It's a total scarf-o-mania, I tell you!

Whoa! The weather here went from pleasant to chilly with no transition. Must knit scarf quick! Plus, I got really bored with knitting gorilla arm sleeves in black 2x2 ribbing and need a small break.

So...what did I choose as a break? A scarf. In black yarn. Stockinette stitch. How clever of me! (I wrote that sarcastically.) Going from gorilla arm sleeves in black ribbing to long scarf in black stockinette stitch may not seem very Einstein-y, I know. But the scarf yarn is a funky yarn, so it provides quick entertainment when I need a break from knitting sleeves. It's variegated black/white/gray and very, very LOOPY: Phildar Tourbillons that I bought during a frenzied shopping expedition a few months ago. I'm not working the yarn alone, though. I'm working it doubled with Phildar Steppe, a fluffy variegated black and gray yarn. It's like Clash of the Novelty Yarns! Here's what I have so far:


fall2004_scarf.jpg
I'm thinking shag carpet...I'm thinking pimp scarf...
[Zoom in, zoom out.]


I've been working a few rows of the scarf every time I get a little tired of working on the Manly Jacket sleeve, so I'm really alternating between the two. I can't wait to see how the finished scarf looks wrapped around my neck. It's gonna be funk-ay! [Click here to see the ultra-shagginess that is this yarn knitted up.] People will think I decided to wear a shag rug in lieu of a scarf. Or a couple of tribbles? Maybe even a toupee. [Stop thinking "Shatner", okay?] Oh, I'm kidding. Truth is, I like it. I've been wanting something loopy like this to jazz up my black turtlenecks.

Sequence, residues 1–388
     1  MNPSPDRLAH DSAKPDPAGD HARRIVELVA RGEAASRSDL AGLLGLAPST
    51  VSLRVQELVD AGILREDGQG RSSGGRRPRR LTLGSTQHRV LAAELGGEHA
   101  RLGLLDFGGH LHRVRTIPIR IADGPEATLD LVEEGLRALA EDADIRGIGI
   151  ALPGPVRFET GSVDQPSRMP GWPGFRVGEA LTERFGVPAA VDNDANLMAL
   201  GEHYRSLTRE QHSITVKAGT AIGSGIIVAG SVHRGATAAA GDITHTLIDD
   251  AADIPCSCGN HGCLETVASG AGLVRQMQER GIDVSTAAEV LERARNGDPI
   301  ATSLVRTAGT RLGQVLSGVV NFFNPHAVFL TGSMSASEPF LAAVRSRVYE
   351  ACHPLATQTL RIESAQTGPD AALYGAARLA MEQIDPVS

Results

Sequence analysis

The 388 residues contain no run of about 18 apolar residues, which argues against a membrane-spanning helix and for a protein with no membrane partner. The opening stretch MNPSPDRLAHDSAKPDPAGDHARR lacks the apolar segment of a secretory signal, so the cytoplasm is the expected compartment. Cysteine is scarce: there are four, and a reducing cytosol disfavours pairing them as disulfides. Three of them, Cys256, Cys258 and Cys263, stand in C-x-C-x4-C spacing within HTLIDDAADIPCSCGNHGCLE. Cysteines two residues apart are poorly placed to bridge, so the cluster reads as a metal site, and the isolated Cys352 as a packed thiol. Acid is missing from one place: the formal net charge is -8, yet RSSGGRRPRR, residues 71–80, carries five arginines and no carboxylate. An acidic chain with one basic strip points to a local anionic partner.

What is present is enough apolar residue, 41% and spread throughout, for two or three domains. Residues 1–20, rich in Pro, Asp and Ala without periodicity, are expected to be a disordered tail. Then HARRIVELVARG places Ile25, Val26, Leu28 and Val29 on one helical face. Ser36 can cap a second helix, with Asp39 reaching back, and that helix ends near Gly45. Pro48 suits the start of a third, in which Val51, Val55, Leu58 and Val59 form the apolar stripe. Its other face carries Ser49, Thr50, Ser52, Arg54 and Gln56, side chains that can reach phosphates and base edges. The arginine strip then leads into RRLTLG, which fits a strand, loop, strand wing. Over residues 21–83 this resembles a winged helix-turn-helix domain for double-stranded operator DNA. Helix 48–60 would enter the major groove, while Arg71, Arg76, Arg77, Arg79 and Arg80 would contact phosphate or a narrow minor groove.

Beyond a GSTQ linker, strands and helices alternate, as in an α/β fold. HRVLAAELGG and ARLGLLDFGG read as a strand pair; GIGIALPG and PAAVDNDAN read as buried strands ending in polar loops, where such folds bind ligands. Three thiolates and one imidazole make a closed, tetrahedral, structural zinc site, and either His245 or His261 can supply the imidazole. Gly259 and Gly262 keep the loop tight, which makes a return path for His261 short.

To me, most scarves are like extra-long swatches. My very first project was a scarf, and it's how I taught myself to knit. There's no need for a pattern if it's a simple one. Just find your yarn, decide on a stitch, cast-on, and giddy-ap! Ribbing is good for yarns that curl. Or, do it in another stitch and work a border around it. If you've got a yarn that isn't a curler, you can use straight stockinette. Garter stitch scarves are nice, but garter is shorter (and wider) than stockinette stitch so it'll take longer to finish the scarf. That's why I like bulky yarns in garter stitch scarves; they work up quicky and look cute, to boot. If you've got a one or two skeins of a soft fine-gauge yarn, knit a scarf using a lace pattern you've never tried before. In short, scarves are good. Now that the cold weather has begun and I've got all these oddballs of flashy yarn in the stash, I feel a bit of a scarf kick coming on.